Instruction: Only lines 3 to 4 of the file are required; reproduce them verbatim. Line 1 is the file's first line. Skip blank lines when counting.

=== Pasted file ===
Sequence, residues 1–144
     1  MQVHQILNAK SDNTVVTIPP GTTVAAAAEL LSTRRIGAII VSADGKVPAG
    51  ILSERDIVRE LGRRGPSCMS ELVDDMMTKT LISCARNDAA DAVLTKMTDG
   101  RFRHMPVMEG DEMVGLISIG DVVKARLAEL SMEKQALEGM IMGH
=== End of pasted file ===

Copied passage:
    51  ILSERDIVRE LGRRGPSCMS ELVDDMMTKT LISCARNDAA DAVLTKMTDG
   101  RFRHMPVMEG DEMVGLISIG DVVKARLAEL SMEKQALEGM IMGH